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[Discuss] Eclipses Re: Great talks last night, however...

On 7/22/2017 1:14 AM, Gregory Galperin wrote:
> You seem to be claiming here that the lithium ion batteries Musk is selling
> have less than a 10% charge/discharge efficiency.  But when I look for a
> number on charge/discharge efficiency of lithium ion batteries I find
> numbers in the range 80%-90% efficient depending on battery age (with
> measured numbers like 86%).  This says you'd need ~15% more solar power to
> compensate for the losses, not 1000% more.  Can you point me at something
> which explains this discrepancy?

Certainly. Musk's figures are marketing. Actual Tesla, Leaf and Volt
owners see much lower figures, as low as 50% for newish battery packs
(75-80% is typical). As a Li-ion battery wears and its charge density
decreases the thermal waste increases.

> OK, so the 10,000 km^2 would have to be 11,500 km^2 if you put all of it up
> at the Canadian border above NY & VT.  Not sure why anyone would do that
> instead of using some area in TX, but even if someone did, this doesn't
> seem like a big deal -- 11,500 km^2 is 0.15% of the land area of the
> continental US, rather than 0.13% of it for 10,000 km^2.  Hard to see how
> that 0.02% would be a dealbreaker even if Texas did secede.

This assumes that the land up north is flat like Texas. Hilly terrain
creates shade which reduces the time per day that PV panels are
effective. While there is flat land up north, much of it is either farm
or forest. Good luck stripping that for large solar farms.

> Actually, the Great Plains (which is known for being flat) tends to widen
> as you go North.  It's at its narrowest in Texas (including the NW Texas
> site described) and is noticeably wider in Kansas, the Dakotas, Montana...:

Point: you. I did mean northeast and northwest. I should have been more

> ranges (California to Canada)...  Do you know of an analysis showing that
> northern states have "much less flat land"?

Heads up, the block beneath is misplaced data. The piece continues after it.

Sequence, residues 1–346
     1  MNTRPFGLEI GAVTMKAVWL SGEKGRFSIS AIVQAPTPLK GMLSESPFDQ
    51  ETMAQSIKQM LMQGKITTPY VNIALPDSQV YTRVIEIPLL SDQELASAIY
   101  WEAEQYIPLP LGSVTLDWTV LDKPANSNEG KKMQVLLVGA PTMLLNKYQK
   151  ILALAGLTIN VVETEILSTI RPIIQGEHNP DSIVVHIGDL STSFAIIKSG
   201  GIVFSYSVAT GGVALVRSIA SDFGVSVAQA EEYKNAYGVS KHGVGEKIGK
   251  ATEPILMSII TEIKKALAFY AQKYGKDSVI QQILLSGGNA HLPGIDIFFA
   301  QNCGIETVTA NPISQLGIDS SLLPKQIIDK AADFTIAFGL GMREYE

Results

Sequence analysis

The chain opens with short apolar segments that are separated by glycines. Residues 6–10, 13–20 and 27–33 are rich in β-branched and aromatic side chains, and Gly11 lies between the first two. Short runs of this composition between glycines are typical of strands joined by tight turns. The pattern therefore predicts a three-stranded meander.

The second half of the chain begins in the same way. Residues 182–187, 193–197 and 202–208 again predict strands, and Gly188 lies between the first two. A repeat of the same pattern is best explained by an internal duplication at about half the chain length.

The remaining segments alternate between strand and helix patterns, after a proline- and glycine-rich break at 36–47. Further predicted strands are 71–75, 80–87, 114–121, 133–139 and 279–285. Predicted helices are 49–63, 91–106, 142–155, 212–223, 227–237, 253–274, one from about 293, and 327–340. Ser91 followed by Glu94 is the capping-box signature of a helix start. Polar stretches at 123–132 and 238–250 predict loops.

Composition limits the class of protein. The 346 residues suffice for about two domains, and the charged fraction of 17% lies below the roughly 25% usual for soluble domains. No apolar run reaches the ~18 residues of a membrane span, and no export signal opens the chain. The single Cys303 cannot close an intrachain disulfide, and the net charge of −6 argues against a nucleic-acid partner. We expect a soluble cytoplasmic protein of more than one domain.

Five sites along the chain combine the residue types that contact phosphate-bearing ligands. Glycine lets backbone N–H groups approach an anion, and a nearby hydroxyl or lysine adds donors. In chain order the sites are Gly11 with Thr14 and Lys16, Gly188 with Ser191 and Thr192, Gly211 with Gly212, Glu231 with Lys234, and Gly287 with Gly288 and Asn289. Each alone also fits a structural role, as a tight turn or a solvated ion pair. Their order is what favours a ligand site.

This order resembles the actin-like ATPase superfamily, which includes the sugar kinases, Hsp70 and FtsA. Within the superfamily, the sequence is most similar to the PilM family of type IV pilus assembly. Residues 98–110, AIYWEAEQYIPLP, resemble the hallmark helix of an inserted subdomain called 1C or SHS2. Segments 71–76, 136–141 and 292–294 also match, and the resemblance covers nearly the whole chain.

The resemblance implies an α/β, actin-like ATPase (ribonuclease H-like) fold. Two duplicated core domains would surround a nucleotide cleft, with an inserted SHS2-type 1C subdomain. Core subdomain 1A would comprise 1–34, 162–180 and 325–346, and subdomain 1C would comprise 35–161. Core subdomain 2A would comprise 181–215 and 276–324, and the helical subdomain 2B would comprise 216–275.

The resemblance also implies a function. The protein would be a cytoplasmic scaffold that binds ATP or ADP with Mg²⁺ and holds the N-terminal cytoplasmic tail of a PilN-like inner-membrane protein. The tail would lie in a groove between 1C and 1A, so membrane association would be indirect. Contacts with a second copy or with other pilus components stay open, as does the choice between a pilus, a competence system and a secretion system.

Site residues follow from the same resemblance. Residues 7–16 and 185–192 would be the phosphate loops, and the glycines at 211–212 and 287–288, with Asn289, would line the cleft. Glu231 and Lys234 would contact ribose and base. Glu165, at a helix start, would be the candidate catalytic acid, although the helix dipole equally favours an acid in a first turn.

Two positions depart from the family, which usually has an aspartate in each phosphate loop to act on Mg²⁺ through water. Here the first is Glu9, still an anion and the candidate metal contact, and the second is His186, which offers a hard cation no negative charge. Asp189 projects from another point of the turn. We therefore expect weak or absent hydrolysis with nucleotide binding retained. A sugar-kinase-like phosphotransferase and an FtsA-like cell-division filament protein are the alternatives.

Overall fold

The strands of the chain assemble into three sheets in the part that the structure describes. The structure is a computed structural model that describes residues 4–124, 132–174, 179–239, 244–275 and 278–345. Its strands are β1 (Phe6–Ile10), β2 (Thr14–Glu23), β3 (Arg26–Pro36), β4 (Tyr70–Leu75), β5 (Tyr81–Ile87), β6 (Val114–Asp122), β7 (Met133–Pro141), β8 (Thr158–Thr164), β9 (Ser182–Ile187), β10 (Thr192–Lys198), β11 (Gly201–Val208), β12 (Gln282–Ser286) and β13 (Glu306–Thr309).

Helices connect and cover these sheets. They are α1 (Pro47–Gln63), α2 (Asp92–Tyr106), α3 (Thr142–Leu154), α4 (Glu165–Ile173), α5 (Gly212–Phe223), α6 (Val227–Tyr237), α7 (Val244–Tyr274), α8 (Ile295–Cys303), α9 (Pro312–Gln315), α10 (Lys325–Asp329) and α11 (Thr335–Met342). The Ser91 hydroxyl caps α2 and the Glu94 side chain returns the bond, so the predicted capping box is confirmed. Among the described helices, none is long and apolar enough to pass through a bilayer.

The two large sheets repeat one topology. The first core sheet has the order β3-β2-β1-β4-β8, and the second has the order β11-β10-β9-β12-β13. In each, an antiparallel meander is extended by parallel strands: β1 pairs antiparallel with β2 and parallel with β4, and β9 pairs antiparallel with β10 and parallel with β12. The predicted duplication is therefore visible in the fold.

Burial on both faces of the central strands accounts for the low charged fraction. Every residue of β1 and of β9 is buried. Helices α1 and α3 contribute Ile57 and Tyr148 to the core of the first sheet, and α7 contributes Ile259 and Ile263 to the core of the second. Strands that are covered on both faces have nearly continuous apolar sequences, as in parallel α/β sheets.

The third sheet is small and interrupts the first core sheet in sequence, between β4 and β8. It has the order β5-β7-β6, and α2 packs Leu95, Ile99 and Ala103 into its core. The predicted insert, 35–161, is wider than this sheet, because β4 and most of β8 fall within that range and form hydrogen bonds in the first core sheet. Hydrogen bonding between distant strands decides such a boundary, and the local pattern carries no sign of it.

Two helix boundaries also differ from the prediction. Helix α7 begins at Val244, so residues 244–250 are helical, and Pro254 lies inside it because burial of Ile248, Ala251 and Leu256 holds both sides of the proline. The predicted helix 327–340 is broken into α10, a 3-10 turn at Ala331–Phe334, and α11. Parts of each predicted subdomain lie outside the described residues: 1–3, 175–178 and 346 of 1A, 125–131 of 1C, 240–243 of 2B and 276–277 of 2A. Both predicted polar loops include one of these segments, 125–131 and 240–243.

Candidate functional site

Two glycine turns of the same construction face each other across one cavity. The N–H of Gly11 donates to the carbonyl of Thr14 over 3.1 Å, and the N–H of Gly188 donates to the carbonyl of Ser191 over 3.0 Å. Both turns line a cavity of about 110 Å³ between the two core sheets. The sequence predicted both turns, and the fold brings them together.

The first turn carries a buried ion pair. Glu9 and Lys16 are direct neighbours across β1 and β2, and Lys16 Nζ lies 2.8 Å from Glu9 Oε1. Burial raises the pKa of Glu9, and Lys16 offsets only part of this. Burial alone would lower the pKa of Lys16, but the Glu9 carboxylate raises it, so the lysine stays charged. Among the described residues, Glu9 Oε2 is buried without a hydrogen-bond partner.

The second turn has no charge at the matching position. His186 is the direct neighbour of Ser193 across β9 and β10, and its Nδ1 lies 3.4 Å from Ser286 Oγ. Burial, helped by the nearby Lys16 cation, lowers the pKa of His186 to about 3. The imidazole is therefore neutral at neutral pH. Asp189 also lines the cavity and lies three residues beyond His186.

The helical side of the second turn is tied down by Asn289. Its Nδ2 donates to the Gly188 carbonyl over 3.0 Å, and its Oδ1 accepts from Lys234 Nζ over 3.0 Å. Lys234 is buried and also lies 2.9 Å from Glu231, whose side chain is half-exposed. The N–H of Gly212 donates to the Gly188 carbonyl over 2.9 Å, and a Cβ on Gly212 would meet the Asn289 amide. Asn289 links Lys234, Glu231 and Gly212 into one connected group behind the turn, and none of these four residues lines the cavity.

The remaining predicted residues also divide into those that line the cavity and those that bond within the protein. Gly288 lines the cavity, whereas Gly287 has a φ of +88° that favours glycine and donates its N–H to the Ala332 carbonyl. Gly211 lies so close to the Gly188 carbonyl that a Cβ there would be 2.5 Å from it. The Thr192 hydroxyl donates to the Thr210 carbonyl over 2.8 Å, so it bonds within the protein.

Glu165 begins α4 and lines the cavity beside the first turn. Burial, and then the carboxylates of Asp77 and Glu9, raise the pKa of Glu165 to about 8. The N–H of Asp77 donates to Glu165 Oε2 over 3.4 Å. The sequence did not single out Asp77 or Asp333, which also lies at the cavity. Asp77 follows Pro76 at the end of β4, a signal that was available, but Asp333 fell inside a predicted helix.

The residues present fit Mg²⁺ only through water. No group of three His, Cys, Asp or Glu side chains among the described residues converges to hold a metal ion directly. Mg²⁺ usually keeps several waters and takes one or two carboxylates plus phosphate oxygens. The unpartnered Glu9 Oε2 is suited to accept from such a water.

Look at a map. Like this one:

The eastern half of the country is off the table because it's forests
and I see clear-cutting to make room for solar farms to be a hard sell.

The Great Plains are partially off the table as well because that's
where the bulk of our livestock production comes from and that's our
number two in agriculture after corn (maize).

The Nevada and southern California deserts might be good choices.

The Pacific Northwest is out due to forests and mountainous terrain much
like the Atlantic Northeast.

> Oh, maybe you mean that a panel on the equator is in the dark half the day,
> and you're arranging to put your solar panels in a sun-synchronous orbit so
> they're never behind the Earth?  OK, that would make for a factor of pi
> difference, but that's only halfway to the "at least an order of magnitude".
> What accounts for the rest?

Partially. An equatorial GBSP station is actually only good for about
7-8 hours a day, not 12. Efficiency drops off as the angle increase and
more atmosphere needs to be penetrated (problem shared by northern
ground stations).  Combine this with PV efficiencies that are much
greater than equatorial PV (the figures I've seen say at least 140%
greater). You can do the math but I think that's close enough to a order
of magnitude for a first order approximation.

Rich P.

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